On a recent visit to Hever Castle, in Kent, my three year old started asking lots of questions about the castle’s defences and what would happen during “a battle”.
One of the castle’s rooms (where the axes, swords and torture equipment are displayed) has a suit of armour, the mechanics of the portcullis on display, and a picture of trebuchet’s being used to attack a castle. This has been my favourite room in the castle for as long as I can remember. Not, as you might imagine, because I have some predilection for sadism and torture, but rather because it brought history to life for me in a way that tapestries and paintings never could.
I can remember being old enough to read the descriptions of the items in the cabinet and being fascinated and horrified at what these items had been used for. My eldest son can’t read yet, but his enthusiasm for history matches my own and his imagination is twice as vivid.
As we get closer to him turning four, he is becoming more and more inquisitive and so, this room that he has seen a dozen times, suddenly took on new depths of our last visit.
“Mummy, what is that for?” he asked, pointing to the manicles. I hesitated. “Well, they aren’t used now. They were used a very long time ago. What do you think they were for?” A smirk spread across his little face… “For tying up the baddies when you wanted to custard pie them!”
Yes!! That will do for me. The swords were used in battle and “for wearing with your armour and shield” and axes were for “chopping wood up so you could be warm”. We hurried past the bridles, scolds and flays “is that a tickling stick?” and he became fascinated by the portcullis mechanism and the drawbridge.
We talked about castle defences and how the people who lived there kept themselves safe by shutting the drawbridge and using the moat as a barrier and his little brain began to cook up the best anti-intruder deterrents! Think medieval ‘Home Alone’ and you’re there…
Doing a “wee wee on the baddies” through the murder holes above the portcullis; putting “crocodiles and green slime” in the moat; firing custard pies out of the windows and “making sure the baddies learned their lessons”. On seeing the trebuchet, he announced it “the best custard-pier in the land” and asked if we could get one from the gift shop.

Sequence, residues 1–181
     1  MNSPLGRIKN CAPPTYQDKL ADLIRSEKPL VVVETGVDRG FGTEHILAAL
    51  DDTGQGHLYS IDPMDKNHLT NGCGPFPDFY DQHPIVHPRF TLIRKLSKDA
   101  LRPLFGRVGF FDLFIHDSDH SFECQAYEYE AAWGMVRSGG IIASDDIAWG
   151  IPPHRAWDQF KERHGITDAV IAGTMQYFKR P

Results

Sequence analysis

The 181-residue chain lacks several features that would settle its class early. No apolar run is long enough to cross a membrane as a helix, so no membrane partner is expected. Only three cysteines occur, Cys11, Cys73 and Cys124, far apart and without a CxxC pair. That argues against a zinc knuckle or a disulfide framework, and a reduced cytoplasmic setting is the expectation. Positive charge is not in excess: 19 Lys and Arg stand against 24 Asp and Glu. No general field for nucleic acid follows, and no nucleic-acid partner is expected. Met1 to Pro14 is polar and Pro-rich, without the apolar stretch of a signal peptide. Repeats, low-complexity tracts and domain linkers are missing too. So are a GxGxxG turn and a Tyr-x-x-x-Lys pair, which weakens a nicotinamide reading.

I love watching his mind whir and seeing how he pieces together the history that we, as adults, know so well. To him, the castle was not only home to Ann Boleyn (2nd wife of King Henry), but also home to “the spinning wheel from Sleeping Beauty and the spooky dookey staircase she climbs”, suits of armour that belong to knights who “must get very tired standing in the corner all day long” and “the best custard-pier in the land”.
He knows all about the six wives of Henry (he married 3 Catherine’s, 2 Ann’s and 1 Jane “so it made it easier for him to remember all their names”) and his three children, he’s seen the bed he used to sleep in: “I bet he snored like Daddy” and even met the man himself. Slightly awestruck, he just about managed to utter the words, “you’re my favourite King!”
But, the best bit for me is that he knows nothing of the protagonists’ ultimate fates. His is a Disney-eye-view of The Tudors, and it’s just perfect.
Oh to be three again, when everyone has a happy ever after… Everyone except the baddies, of course, who (covered head to toe in custard) are always destined to meet a very sticky end.